[Python-3000] Making more effective use of slice objects in Py3k
Guido van Rossum
guido at python.org
Tue Aug 29 17:42:18 CEST 2006
On 8/28/06, Josiah Carlson <jcarlson at uci.edu> wrote:
> "Guido van Rossum" <guido at python.org> wrote:
> > Those are all microbenchmarks. It's easy to prove the superiority of
> > an approach that way. But what about realistic applications? What if
> > your views don't end up saving memory or time for an application, but
> > still cost in terms of added complexity in all string operations?
> At no point has anyone claimed that every operation on views will always
> be faster than on strings. Nor has anyone claimed that it will always
> reduce memory consumption. However, for a not insignificant number of
> operations, views can be faster, offer better memory use, etc.
> I agree with Jean-Paul Calderone:
> "If the goal is to avoid speeding up Python programs because views are
> too complex or unpythonic or whatever, fine. But there isn't really any
> question as to whether or not this is a real optimization."
And without qualification that is as false as anything you've said.
> "I don't think we see people overusing buffer() in ways which damage
> readability now, and buffer is even a builtin. Tossing something off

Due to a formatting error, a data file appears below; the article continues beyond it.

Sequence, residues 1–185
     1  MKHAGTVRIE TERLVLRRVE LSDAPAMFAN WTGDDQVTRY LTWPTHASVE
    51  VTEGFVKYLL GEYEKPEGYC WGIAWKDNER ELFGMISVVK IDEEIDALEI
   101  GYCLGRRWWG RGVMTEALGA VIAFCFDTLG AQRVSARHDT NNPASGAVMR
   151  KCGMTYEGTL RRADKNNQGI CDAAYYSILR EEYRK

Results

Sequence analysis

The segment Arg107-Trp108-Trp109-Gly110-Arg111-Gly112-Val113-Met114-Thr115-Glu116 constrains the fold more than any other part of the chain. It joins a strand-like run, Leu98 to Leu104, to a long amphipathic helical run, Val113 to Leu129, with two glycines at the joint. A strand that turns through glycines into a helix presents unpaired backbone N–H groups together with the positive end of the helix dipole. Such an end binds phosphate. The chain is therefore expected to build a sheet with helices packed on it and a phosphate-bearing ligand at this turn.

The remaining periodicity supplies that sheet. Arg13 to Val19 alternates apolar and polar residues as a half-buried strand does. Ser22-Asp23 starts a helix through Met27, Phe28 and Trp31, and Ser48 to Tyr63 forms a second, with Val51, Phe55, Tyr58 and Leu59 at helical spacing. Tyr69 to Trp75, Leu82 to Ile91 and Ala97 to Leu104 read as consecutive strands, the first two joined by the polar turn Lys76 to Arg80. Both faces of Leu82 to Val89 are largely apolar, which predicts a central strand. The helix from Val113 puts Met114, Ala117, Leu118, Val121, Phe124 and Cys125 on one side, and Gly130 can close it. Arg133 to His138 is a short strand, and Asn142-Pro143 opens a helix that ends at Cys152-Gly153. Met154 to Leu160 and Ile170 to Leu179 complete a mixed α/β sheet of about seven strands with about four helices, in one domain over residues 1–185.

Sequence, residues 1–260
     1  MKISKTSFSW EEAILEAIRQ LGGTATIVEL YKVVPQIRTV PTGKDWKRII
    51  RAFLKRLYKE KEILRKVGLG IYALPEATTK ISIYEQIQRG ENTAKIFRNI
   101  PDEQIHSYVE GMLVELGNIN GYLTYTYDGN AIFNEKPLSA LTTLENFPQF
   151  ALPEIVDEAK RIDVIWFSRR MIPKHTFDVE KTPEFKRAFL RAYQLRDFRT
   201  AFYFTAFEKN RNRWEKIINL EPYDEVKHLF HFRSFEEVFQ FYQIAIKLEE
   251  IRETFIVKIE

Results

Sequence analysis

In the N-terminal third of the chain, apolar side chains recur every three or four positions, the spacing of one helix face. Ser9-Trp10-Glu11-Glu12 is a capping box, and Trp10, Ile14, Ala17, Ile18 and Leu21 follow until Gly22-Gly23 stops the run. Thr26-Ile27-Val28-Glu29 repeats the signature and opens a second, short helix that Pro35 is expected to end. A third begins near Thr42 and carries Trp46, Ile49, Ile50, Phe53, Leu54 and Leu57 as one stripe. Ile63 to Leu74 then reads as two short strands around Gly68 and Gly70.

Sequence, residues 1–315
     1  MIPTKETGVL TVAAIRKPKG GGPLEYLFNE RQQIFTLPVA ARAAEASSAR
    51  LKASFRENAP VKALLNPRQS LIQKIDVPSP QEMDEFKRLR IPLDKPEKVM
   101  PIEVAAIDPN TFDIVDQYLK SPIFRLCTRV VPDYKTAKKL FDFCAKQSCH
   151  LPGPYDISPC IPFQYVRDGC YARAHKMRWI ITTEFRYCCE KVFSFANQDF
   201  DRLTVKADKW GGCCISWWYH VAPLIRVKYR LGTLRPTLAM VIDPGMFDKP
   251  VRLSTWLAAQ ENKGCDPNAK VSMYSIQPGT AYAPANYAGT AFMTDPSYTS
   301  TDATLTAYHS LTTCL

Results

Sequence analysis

> into a module somewhere shouldn't really be a problem. To most people
> who don't actually know what they're doing, the idea to optimize code
> by reducing memory copying usually just doesn't come up."
Another "yes they do -- no they don't" argument. As I've said
repeatedly before, optimizations are likely to be copied without being
understood by newbies. The buffer() built-in has such a poor
reputation and API that it doesn't get much play; but a new "views"
feature that will magically make all your string processing go faster
> While there are examples where views can be slower, this is no different
> than the cases where deque is slower than list; sometimes some data
> structures are more applicable to the problem than others. As we have
> given users the choice to use a structure that has been optimized for
> certain behaviors (set and deque being primary examples), this is just
> another structure that offers improved performance for some operations.
As long as it is very carefully presented as such I have much less of
a problem with it.
Earlier proposals were implying that all string ops should return
views whenever possibe. That, I believe, is never going to fly, and
that's where my main objection lies.
Having views in a library module alleviates many of my objections.
While I still worry that it will be overused, deque doesn't seem to be
overused, so perhaps I should relax.
> > Then I ask you to make it so that string views are 99.999%
> > indistinguishable from strings -- they have all the same methods, are
> > usable everywhere else, etc.
> For reference, I'm about 2 hours into it (including re-reading the
> documentation for Pyrex), and I've got [r]partition, [r]find, [r]index,
> [r|l]strip. I don't see significant difficulty implementing all other
> methods on views.
> Astute readers of the original implementation will note that I never
> check that the argument being passed in is a string; I use the buffer
> interface, so anything offering the buffer interface can be seen as a
> read-only view with string methods attached. Expect a full
> implementation later this week.
--Guido van Rossum (home page: http://www.python.org/~guido/)
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